Second only to the rings of Saturn, Jupiter’s Great Red Spot (GRS) is probably the most iconic planetary feature in the solar system. Unlike the rings, which aren’t going away any time soon, recent observations of an apparent unraveling of the GRS suggest big changes in this iconic feature, if not its impending demise [Read more…] about The Disappearing Great Red SpotShare This:
When sight-seeing larger nebulae (like the North America Nebula) and big star clusters (like the Double Cluster or Beehive), it’s usually best to stick with lower magnification and wider fields of view to take in the entire object. But most deep sky objects benefit from greater magnification, sometimes much greater. To demonstrate this, I prowled around in the constellation of Hercules, using my 8-inch Celestron Edge HD scope and an 8mm eyepiece, giving a magnification of 250x.
The first object on my tour was the planetary nebula NGC 6210. Like many planetaries, it has a high surface brightness that enables it to bear high magnifications well. At low powers it looks like a tiny bluish dot. 250x brings out considerable visual character in this 16 arc second object. Slightly oval, its edges are diffuse. Colorful as many planetaries are, it shows an aqua tint with hints and flashes of a fierce electric blue. I found that an 8-inch scope isn’t quite big enough to show these colors strongly in this particular object, but a 12-inch or larger instrument will make them unmistakable, and then you’re viewing an exotic object indeed. I did not consistently see the nebula’s central star, though this should not be difficult at magnitude 12.7. This may be due to the consistently rough seeing I experience in this valley of the southern Sierra Nevada range, where I’m surrounded by mountains on all sides. This tends to muddle the faint star into the bright glow of the nebula.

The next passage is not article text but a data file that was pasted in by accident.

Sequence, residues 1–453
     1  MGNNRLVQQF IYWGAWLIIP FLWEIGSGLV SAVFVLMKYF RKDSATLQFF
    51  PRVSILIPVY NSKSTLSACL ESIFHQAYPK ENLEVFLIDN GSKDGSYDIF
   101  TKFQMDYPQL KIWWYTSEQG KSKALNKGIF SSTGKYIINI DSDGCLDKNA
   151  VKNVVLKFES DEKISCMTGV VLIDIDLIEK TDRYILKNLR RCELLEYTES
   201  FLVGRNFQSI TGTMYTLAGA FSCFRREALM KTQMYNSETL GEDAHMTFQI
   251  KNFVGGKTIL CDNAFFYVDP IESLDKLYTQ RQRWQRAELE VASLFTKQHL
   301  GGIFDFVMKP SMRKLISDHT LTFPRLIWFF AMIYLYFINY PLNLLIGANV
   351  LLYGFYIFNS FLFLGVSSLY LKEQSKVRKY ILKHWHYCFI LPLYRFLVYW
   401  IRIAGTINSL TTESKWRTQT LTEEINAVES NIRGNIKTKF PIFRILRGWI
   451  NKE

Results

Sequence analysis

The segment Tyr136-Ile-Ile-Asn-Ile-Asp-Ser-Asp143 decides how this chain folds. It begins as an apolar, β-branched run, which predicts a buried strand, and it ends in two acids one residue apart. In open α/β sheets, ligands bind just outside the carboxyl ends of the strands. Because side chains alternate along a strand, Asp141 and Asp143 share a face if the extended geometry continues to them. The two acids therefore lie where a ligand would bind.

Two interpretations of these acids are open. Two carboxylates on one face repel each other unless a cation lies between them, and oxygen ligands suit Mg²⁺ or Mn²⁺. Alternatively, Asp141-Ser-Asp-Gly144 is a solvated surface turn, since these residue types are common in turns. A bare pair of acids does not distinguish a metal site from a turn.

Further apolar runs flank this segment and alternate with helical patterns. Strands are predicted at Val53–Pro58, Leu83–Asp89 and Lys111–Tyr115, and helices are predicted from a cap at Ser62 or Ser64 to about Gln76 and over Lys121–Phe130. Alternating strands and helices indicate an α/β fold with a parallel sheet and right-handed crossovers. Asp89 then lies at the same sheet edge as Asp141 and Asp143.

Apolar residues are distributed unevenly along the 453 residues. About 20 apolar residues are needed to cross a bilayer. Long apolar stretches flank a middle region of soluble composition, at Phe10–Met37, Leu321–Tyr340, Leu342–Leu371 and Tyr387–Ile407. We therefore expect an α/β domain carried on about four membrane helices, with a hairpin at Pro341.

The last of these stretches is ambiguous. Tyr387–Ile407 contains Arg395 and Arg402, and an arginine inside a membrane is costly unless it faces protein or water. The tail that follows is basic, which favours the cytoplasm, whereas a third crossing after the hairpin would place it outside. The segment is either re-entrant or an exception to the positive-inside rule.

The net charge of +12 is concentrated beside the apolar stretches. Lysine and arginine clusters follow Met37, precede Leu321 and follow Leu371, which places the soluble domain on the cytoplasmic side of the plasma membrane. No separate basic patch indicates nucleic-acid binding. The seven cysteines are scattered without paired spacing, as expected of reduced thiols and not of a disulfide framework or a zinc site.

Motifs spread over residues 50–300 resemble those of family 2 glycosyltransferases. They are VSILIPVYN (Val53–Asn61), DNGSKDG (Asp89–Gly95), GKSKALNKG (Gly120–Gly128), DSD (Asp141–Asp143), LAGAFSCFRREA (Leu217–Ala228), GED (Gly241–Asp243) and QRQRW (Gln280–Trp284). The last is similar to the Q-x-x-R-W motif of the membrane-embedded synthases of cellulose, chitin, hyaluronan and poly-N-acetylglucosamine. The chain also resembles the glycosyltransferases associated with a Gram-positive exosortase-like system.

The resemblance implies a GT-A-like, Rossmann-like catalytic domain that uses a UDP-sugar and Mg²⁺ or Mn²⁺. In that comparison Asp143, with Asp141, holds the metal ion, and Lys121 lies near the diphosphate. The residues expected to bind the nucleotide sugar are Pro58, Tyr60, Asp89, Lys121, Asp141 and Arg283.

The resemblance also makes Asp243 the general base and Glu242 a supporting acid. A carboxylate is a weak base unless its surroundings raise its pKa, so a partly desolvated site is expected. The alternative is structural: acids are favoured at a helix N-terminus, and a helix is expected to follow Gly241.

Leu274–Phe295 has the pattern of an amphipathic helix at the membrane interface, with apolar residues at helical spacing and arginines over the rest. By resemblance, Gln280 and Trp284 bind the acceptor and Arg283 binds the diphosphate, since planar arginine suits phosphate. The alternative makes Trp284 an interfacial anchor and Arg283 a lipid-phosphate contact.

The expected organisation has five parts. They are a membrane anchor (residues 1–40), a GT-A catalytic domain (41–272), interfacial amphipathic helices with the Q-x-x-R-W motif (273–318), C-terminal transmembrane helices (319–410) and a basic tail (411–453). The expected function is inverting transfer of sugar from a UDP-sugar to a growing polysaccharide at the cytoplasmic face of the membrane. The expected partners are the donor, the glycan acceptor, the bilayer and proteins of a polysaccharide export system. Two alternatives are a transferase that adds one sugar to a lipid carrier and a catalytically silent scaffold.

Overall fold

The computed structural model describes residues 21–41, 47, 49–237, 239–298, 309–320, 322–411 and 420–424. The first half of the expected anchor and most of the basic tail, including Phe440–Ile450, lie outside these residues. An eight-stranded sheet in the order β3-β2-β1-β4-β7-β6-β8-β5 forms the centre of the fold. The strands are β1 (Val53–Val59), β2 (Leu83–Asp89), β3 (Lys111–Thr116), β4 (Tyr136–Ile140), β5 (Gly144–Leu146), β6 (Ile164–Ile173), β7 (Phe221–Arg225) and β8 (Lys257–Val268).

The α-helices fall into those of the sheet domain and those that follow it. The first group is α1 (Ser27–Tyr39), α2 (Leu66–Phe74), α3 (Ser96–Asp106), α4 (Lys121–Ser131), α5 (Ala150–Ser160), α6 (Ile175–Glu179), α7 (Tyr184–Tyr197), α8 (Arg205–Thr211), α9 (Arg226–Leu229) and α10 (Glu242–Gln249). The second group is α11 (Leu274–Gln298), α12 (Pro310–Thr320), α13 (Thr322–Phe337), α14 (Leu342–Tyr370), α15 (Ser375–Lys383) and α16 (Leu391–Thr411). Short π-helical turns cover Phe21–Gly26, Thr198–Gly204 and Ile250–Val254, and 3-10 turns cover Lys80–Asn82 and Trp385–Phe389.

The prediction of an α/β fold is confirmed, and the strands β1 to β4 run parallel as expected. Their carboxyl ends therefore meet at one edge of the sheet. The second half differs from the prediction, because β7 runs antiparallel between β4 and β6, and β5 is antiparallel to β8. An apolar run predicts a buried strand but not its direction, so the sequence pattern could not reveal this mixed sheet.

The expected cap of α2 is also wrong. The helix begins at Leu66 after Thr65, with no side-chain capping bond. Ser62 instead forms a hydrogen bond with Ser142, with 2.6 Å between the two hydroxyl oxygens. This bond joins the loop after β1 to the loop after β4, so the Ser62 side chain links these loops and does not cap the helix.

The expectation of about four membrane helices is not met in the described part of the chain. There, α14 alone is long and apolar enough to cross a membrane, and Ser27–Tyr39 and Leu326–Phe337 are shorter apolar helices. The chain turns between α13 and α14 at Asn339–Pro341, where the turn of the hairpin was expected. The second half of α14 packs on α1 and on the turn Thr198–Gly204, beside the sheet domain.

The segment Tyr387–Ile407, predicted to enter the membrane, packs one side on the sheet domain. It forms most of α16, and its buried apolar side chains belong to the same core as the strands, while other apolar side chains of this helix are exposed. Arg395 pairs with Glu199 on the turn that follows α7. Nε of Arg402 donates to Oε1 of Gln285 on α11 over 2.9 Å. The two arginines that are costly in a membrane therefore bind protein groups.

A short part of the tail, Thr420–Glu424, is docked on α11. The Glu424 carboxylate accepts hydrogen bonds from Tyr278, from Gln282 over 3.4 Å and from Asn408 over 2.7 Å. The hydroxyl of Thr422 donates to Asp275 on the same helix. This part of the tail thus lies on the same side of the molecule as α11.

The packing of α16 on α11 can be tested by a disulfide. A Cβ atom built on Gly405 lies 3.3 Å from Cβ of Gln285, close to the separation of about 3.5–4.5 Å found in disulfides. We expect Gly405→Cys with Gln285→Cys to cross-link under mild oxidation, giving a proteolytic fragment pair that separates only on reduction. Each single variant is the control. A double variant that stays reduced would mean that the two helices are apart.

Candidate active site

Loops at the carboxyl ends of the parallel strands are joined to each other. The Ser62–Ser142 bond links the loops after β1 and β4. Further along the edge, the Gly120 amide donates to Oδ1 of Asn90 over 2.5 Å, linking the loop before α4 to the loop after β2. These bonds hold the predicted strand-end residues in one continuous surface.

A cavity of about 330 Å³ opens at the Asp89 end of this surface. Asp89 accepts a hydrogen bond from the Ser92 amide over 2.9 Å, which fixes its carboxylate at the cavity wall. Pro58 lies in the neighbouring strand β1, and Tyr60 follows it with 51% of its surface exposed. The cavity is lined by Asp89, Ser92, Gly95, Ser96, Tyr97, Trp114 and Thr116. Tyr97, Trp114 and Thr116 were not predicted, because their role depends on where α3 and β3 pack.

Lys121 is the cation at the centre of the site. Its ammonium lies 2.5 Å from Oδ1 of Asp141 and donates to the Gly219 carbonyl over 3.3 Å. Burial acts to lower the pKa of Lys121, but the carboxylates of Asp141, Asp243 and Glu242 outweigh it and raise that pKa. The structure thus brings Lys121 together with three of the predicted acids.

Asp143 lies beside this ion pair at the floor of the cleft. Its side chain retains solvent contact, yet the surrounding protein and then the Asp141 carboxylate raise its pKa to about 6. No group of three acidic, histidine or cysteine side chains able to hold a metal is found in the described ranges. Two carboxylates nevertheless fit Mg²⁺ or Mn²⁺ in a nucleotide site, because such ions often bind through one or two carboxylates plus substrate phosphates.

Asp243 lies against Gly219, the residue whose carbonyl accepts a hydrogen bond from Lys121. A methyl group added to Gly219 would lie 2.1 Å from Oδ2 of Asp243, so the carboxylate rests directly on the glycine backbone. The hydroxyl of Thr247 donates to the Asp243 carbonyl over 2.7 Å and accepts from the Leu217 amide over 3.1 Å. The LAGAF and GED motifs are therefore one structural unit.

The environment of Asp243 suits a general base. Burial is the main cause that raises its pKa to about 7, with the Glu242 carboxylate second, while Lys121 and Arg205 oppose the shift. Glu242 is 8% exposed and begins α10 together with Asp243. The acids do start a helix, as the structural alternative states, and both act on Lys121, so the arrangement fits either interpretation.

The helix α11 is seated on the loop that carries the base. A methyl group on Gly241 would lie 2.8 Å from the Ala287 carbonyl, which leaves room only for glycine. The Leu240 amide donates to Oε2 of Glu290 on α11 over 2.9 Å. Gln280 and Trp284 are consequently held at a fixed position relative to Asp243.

So many galaxies, so little time! A good place to begin an evening of galaxy hopping on a northern spring or summer night is with the Messier galaxies M81 and M82 in the constellation Ursa Major (see above). Conveniently located by drawing a line through the Big Dipper stars Phecda and Dubhe and extending it an equal distance beyond the Big Dipper asterism, this is probably the finest galaxy pair in the sky. Separated by just 38 arc-minutes, both fit into the low power field of a small telescope. With a 22mm Panoptic eyepiece in my 8″ EdgeHD telescope, I had 93x and a field of view of 45 arc minutes, so I had to slew the mount a little from one to the other to see them both well [Read more…] about Hopping Galaxies in the Bear’s DenShare This:
In dark sky, northern-hemisphere observers can see the winter Milky Way as a featureless, inconspicuous band of haze running east of Orion and disappearing below the horizon south of the constellations Canis Major and Puppis. In light-polluted sky, the winter Milky Way is hard to see at all. But further south, into the far southern constellation Carina, the Milky Way suddenly explodes into one of its brightest, most spectacular, and most detailed sections, running through Crux, Centaurus, and beyond [Read more…] about Careening Through CarinaShare This:
The best way for an amateur astronomer to literally expand his or her horizons is to venture to the hemisphere opposite your home, to take in the starry wonders hidden from view by the pesky curvature of our globe. This is especially true for natives of the Northern Hemisphere, because the southern circumpolar sky offers some of the most spectacular sights available to any observer. Fine as the Big Dipper and the Double Cluster may be, they struggle to compete with the Magellanic Clouds and the southernmost parts of the Milky Way.
This is the philosophy that led to my three visits to New Zealand. I’m writing this from the Bay of Islands on the North Island, at 35o south latitude. I’ll share some of my observations in this inaugural edition of my observing column, Eyes on the Deep Sky. [Read more…] about Touring the Small Magellanic CloudShare This: